Colton Herta survived a chaotic, tricky and slick run in the midwest by notching his first NTT IndyCar Series victory of the season in the rain-shortened GMR Grand Prix at the Indianapolis Motor Speedway Road Course on Saturday, May 14.
The 22-year-old Herta from Valencia, Santa Clarita, California, led three times for a race-high 50 of 75 shortened laps and benefitted for a late pit stop for slick tires to overtake Pato O’Ward during a Lap 66 restart and fend off the field by Lap 73 when the caution flew due to an on-track incident. During the caution period, the event was reaching its two-hour time limit and running on a 21-minute clock session due to the wet, foggy conditions amid a delayed start that also shortened the event by 10 laps from the original 85 planned. With the event concluding on Lap 75, Herta was able to navigate his way around the circuit under two cautious pace laps to claim his first triumph of the season following a string of misfortunes.
With on-track qualifying occurring on Friday, Will Power secured his 64th career pole position after posting a pole-winning speed at 125.854 mph in one minute, 9.7664 seconds. Joining him on the front row was Alex Palou, who logged a qualifying speed at 125.777 mph in one minute, 9.8090 seconds.
When the green flag waved and the race commenced amid a delayed start due to inclement weather, Power led the field ahead of Palou, Josef Newgarden and the field entering the first two turns as the field jumbled behind. Through Turns 4, 5 and 6, Power maintained the lead. Then in Turn 7, Alex Palou moved into the lead and Pato O’Ward moved into the runner-up spot as Newgarden and Power were both overtaken. Soon after, O’Ward overtook Palou entering Turn 12 and went on to lead the first lap.
During the following lap and as O’Ward was leading, teammate Felix Rosenqvist cycled his No. 7 Arrow McLaren SP Dallara-Chevrolet into second place while Palou, Power and Conor Daly were in the top five.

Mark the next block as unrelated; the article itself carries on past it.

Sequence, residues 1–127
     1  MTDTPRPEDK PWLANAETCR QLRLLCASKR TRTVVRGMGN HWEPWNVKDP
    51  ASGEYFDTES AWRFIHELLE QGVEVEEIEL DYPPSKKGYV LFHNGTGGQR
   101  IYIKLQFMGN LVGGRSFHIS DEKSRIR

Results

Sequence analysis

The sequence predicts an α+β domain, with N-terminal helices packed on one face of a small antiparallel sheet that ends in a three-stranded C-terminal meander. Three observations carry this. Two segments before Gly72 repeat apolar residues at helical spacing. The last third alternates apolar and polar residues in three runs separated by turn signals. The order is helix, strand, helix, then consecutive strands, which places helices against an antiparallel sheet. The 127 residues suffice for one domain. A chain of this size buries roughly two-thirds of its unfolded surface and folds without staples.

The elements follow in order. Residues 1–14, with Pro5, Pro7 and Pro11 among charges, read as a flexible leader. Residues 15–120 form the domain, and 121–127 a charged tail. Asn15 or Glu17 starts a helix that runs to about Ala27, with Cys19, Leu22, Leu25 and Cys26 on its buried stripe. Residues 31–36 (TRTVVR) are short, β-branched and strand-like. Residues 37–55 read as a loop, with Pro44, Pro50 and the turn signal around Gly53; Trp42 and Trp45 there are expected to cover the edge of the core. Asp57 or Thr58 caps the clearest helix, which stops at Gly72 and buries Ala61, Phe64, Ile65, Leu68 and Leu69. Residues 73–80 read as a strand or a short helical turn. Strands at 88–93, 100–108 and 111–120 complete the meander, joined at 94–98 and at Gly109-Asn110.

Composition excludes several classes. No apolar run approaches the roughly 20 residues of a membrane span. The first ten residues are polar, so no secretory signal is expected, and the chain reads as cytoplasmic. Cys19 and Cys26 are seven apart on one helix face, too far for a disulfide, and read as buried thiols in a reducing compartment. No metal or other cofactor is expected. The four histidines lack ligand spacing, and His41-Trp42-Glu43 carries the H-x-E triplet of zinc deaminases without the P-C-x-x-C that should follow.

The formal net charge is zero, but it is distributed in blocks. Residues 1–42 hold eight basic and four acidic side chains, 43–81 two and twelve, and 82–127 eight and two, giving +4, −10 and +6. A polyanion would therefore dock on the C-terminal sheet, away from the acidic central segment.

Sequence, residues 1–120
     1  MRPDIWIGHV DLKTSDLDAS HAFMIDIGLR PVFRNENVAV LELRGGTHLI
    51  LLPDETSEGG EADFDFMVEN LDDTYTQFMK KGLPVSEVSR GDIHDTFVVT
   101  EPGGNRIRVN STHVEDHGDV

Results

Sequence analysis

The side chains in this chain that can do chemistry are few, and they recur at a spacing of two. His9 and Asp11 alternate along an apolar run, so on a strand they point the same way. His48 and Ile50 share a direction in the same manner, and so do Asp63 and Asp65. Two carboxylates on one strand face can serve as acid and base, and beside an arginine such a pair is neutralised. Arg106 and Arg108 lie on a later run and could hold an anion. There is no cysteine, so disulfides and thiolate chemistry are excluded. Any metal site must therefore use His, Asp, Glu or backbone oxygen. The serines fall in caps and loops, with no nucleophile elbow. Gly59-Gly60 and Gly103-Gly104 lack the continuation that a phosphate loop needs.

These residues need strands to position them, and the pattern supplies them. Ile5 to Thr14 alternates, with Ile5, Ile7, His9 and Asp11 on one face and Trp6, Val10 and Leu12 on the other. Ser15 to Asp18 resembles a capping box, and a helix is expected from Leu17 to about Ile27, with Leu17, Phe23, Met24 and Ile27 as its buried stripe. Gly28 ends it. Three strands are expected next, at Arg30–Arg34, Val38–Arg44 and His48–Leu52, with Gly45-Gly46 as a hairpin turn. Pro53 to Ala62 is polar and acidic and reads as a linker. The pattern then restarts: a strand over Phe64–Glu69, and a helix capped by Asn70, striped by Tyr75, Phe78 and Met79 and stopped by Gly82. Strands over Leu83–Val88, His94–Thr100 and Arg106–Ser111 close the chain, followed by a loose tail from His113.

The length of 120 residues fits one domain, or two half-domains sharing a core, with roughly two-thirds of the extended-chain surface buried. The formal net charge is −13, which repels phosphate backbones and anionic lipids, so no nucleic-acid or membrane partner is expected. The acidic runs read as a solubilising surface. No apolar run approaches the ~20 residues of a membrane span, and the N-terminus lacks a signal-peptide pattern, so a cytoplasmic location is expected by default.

Following the third lap, O’Ward surrendered the lead to pit early while teammate Rosenqvist moved into the lead. By then, names like Alexander Rossi, Josef Newgarden, Will Power, Rinus VeeKay pitted. Soon after, Palou, Romain Grosjean, Callum Ilott, Juan Pablo Montoya, Hello Castroneves, Dalton Kellett, David Malukas, Jimmie Johnson and Marcus Ericsson also pitted.
Through the first five scheduled laps, Colton Herta, who made a bold save while slipping sideways as he pursued O’Ward earlier through the infield, cycled his No. 26 Gainbridge Dallara-Honda into the lead followed by O’Ward and Rosenqvist. Shortly after, the first caution flew when Palou spun his No. 10 American Legion Dallara-Honda in Turn 10.
When the race restarted on the ninth lap, Herta maintained the lead ahead of O’Ward, Rosenqvist and the field.
On Lap 16, the caution flew when contact between Rossi and Newgarden resulted with Newgarden’s No. 2 PPG Dallara-Chevrolet getting turned off the front nose of Jack Harvey through Turn 12 as he took his car to the garage and dropped out of race-winning contention. Under caution, some like Marcus Ericsson, Kirkwood and Palou pitted while the rest led by Herta remained on the track.